If you are interested in filling out a leak application form click here,
or for more information call (512) 263-7043.
Updated on January 23, 2013
Leaking water pipes can be an expensive waste of water. The City of San Marcos addresses this issue every year by conducting a leak detection survey.
Since San Marcos started the annual leak-detection program in the late 1990s, the City has reduced the water system’s unaccounted for water loss from more than 36% in 1997 to 11% in 2009.
“Especially during a drought, water loss becomes an important issue,” said Tom Taggart, Director of Public Services. “We try to stay ahead of the game by constantly seeking out new ways to improve and maintain the integrity of the distribution system. This keeps the cost to the consumer down in the long run and prevents worse problems from occurring.” For the past eight years, San Marcos has enlisted the help of Samco Leak Detection Services of Austin to help reduce the amount of water disappearing through underground leaks.
This year’s leak detection survey was conducted along 75 miles of water mains, about a fourth of the distribution system in San Marcos, over a three week period in late August and early September. The team discovered 58 leaks, ranging from 24-inch mains to 3/8 inch lines on the system.
Using high-tech acoustic equipment, technicians actually listen for leaks as they monitor the water lines. Once a leak is detected and pinpointed, it is plotted on a map with a GPS coordinate so that repair crews can address according to its magnitude and impact.
Water Distribution Manager Tony Salinas and his crews tackle the leaks in priority order. One of the worst leaks was found along the railroad tracks in a remote area between Wonder World Drive and McCarty Lane where a 12 inch line was leaking inside a concrete vault. Inspectors had to hike into the site to find the line. Another problem was a leaking 12-inch main in a neighborhood. Initially the leak was not visible on the surface and it took Public Services Water Distribution crews some 18 hours to make the repairs, from 8 a.m. until 2 a.m. The leak detection survey covers a fourth of the City’s 300 miles of water mains each year.
“What really makes the biggest difference over time is when a city has the foresight to systematically monitor for leaks and make repairs on an on-going basis,” says Sam Godfrey, President of Samco Leak Detection Services.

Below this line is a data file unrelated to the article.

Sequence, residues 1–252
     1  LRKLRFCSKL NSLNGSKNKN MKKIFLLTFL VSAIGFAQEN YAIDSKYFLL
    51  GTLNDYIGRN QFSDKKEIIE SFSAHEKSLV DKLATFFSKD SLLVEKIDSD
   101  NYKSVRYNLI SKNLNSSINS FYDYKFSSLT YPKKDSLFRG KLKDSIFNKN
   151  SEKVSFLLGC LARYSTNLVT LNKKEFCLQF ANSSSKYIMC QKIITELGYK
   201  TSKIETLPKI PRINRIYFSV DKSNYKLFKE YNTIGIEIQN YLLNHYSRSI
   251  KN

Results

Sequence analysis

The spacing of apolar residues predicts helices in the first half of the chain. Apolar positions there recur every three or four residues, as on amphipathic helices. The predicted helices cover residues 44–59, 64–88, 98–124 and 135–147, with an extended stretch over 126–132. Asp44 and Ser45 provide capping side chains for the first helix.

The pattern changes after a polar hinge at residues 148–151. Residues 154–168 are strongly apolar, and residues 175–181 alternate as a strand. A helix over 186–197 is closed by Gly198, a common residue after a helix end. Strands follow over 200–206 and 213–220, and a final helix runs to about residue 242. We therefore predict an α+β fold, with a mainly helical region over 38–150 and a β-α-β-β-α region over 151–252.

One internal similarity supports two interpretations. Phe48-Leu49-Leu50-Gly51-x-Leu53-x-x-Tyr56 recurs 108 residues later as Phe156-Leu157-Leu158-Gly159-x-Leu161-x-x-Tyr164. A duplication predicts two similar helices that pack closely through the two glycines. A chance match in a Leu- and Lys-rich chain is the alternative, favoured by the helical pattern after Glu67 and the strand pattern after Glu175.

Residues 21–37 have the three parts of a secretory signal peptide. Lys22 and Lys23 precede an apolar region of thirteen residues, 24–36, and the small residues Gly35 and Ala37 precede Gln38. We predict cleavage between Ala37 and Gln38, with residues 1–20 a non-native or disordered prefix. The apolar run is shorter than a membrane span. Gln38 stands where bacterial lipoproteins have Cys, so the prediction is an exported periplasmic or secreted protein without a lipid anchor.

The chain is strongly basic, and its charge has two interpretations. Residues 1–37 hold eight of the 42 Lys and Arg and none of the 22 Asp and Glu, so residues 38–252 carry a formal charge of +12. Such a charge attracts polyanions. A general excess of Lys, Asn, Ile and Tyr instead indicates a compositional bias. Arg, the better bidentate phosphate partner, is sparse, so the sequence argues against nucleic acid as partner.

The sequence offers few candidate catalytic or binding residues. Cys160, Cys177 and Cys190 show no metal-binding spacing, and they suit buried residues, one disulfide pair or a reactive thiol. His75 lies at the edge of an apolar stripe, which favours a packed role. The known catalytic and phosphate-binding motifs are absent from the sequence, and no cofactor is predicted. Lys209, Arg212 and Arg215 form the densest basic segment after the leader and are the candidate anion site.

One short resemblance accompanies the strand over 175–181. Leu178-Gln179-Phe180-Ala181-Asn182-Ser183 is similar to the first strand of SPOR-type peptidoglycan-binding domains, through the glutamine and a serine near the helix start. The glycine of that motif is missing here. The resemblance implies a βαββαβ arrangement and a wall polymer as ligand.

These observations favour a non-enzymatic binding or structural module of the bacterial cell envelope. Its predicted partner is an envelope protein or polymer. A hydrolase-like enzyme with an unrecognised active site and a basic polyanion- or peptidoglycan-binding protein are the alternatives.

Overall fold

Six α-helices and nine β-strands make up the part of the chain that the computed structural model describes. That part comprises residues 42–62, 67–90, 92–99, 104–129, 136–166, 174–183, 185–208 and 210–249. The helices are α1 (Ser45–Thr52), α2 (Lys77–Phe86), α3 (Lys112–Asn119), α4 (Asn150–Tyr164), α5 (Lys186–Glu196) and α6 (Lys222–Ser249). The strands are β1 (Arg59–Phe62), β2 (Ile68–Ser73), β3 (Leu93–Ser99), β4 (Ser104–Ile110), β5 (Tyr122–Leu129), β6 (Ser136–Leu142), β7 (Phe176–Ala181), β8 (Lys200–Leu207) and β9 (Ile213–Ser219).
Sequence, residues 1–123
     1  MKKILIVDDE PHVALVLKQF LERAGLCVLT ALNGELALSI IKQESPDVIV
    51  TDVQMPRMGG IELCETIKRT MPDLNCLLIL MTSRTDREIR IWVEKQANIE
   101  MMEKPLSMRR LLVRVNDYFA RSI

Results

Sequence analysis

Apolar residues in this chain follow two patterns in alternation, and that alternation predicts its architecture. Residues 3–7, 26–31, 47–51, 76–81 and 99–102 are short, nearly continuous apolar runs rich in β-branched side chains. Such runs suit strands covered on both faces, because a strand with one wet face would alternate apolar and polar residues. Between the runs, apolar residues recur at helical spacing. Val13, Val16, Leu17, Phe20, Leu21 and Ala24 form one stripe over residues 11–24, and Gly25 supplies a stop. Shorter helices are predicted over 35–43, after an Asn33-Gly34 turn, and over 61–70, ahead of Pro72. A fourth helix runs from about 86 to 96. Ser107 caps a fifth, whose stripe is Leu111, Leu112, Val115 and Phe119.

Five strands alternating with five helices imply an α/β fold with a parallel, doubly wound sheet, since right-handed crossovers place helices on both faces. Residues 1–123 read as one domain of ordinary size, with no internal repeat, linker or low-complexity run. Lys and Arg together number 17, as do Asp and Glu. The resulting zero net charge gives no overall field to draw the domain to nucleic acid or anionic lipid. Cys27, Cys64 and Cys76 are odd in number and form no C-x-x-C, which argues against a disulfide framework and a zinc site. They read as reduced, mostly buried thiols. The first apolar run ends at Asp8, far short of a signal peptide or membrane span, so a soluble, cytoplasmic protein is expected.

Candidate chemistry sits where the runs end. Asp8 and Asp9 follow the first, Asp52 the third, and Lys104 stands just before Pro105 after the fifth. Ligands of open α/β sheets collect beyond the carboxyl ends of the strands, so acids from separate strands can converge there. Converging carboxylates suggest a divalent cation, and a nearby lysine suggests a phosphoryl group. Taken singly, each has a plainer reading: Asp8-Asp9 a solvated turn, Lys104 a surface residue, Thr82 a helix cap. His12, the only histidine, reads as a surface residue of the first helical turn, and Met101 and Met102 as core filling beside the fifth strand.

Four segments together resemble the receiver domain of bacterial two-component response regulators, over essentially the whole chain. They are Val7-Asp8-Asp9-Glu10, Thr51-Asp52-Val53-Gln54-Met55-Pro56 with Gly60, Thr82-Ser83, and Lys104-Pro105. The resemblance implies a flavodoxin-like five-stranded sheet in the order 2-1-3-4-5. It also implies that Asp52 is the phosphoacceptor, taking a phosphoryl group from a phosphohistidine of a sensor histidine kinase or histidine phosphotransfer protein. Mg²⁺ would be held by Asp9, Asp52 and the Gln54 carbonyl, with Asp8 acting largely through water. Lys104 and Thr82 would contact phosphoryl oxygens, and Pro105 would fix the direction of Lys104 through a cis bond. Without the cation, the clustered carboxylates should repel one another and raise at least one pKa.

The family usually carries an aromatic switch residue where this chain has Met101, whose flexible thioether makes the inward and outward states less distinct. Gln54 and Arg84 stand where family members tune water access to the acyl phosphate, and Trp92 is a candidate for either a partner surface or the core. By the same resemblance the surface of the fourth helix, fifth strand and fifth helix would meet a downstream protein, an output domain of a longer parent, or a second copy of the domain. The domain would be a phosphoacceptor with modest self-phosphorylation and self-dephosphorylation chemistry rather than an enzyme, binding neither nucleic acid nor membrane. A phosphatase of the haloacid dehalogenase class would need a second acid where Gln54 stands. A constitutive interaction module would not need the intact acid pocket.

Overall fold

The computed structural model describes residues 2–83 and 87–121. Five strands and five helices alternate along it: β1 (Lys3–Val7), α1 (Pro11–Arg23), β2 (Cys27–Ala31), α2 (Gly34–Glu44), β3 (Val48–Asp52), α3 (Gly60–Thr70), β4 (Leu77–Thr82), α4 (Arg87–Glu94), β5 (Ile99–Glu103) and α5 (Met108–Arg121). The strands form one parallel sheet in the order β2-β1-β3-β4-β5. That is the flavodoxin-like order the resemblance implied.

City of San Marcos NEWS
630 E. Hopkins
San Marcos, Texas 78666
September 22, 2009
For Immediate Release
Contact: Sam Godfrey, SAMCO Leak Detection, 512.751.5325
Contact: Melissa Millecam, Communications/ Intergovernmental Relations Director
Updated on January 19, 2016
SAMCO, a Leak Detection/GPS Services Company, has been hired by the City of Horseshoe Bay to conduct a Leak Detection Survey and perform GPS Services within the Horseshoe Bay city limits. The employees of SAMCO will be wearing orange vests and driving SAMCO trucks. They will commence their activities on June 23rd, and will start in the area of High Circle West and Highway 2147 (and eventually continue through the entire Horseshoe Bay community).
Employees of SAMCO will be utilizing sophisticated equipment to listen on water meters, valves, fire hydrants, and on the ground surface to determine if an underground water leak is present. The electronic leak detection equipment receives and processes unique leak sounds (water escaping the pipe). Benefits of Leak Detection and Repair include: conservation of valuable water resources, cost-savings through reduction of treated water that is lost to leaks, reduced property damage from decreased water main breaks, and reduced risk of the leak process contaminating the water system.
In addition to Leak Detection, SAMCO employees will also be using GPS devices to accurately locate and identify valves and fire hydrants, so that these water system appurtenances may be readily located under emergency conditions. GPS – Global Positioning System – uses satellites and GPS (ground) receivers to identify locations on the surface of the earth, and this electronic data is then transferred to the city’s GIS (Geographic Information System); i.e., hardware and software used for electronic mapping of water and wastewater systems. These valve and hydrant locations can be easily retrieved from the city’s GIS, instead of attempting to rely on the knowledge of a city employee that retired last year.
In Fiscal Year 2008, the City of Horseshoe Bay Mayor and City Council approved the Leak Detection / GPS Services contract with SAMCO, with the goal of completing this project (evaluation of entire water system) over the next two – three years. Subsequently, the City of Horseshoe Bay continues to be a leader in utilizing technology to solve problems, enhance efficiency, and maintain cost-effectiveness for its Residents.